Giant hyenas and oldest goat found according to a report in BBC News, 31 October 2007. Palaeontologists in Fonelas in the Granada region of southern Spain have found a “vast fossil hoard” containing about 4,000 fossils including 24 species of large mammal, eight species of small mammal, two species of reptile and one species of bird. Some of the animals are large creatures that no longer live in Europe, including giant hyenas, sabre-toothed cats, mammoths, an Asian wolf, lynx, zebras, gazelles and a giraffe resembling the modern day okapi. Among the European animals are wild boars and “the oldest goat ever found and the earliest badger discovered in Europe.”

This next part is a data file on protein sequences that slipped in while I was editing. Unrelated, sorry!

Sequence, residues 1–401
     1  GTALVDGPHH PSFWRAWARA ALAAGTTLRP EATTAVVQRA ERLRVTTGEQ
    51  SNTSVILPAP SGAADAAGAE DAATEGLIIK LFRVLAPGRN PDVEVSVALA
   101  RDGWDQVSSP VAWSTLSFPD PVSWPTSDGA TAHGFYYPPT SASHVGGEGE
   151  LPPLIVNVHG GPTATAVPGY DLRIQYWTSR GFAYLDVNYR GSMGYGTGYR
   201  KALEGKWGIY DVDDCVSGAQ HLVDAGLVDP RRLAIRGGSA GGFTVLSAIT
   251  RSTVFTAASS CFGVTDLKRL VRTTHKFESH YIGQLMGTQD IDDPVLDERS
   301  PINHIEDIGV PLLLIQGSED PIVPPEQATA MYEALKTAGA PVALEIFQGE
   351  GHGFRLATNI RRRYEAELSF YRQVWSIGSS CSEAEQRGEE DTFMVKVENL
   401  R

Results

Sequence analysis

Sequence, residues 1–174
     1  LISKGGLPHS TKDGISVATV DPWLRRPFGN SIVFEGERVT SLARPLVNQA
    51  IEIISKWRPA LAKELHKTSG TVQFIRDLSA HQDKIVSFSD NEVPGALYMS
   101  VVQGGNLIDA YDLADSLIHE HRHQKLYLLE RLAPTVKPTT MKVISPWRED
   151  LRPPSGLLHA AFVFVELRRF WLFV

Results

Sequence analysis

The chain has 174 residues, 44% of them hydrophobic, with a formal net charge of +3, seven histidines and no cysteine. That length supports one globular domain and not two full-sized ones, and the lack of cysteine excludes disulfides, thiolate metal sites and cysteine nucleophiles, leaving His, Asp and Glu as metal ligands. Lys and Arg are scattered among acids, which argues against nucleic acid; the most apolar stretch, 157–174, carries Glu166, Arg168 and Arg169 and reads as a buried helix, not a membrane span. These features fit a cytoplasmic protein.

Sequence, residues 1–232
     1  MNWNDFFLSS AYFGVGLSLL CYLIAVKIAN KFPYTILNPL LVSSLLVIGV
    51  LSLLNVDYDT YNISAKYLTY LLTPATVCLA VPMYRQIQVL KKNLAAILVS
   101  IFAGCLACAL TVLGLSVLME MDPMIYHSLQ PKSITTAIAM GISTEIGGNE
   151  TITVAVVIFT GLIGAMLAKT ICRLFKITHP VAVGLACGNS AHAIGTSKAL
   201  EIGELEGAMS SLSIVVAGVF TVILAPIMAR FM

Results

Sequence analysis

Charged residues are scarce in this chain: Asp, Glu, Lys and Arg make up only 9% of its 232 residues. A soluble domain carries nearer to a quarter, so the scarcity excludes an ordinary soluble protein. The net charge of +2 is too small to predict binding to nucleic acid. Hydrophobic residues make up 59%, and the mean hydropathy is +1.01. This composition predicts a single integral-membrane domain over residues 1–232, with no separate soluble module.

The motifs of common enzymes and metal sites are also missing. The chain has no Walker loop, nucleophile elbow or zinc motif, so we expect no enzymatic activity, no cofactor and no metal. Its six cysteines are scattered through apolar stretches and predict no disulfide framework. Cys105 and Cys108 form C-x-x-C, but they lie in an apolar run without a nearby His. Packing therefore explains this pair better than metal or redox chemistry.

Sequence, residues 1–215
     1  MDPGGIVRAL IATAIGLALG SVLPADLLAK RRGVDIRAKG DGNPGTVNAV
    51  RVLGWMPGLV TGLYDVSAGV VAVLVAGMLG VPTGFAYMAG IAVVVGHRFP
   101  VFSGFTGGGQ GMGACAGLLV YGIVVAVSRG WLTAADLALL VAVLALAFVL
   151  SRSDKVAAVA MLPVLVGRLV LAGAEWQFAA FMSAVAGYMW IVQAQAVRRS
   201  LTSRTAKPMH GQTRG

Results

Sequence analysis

The bones were remarkably well preserved. Alfonso Arribas, who directed the excavation, said the animals had been scavenged by giant hyenas, discarded and then rapidly buried. The palaeontologists claim the region where the fossils were found was a “crossroads where European animals mixed with species from Africa and Asia.” The fossils are believed to be 1.8 million years old and are being exhibited at the Archaeological Museum of Cartagena in Spain.
Editorial Comment: A massive fossil graveyard containing well preserved, but chewed on animal bones from creatures that are now either extinct, smaller, or less widespread, is powerful evidence that the world was once a better place to live with a more even climate.
The fact that the oldest goat and earliest European badger are the same as living goats and badgers is evidence that since the time these rocks were laid down, these animals have reproduced after their kind – just as Genesis said they would. (Ref. giants, degeneration, catastrophe)
Evidence News 9 July 2008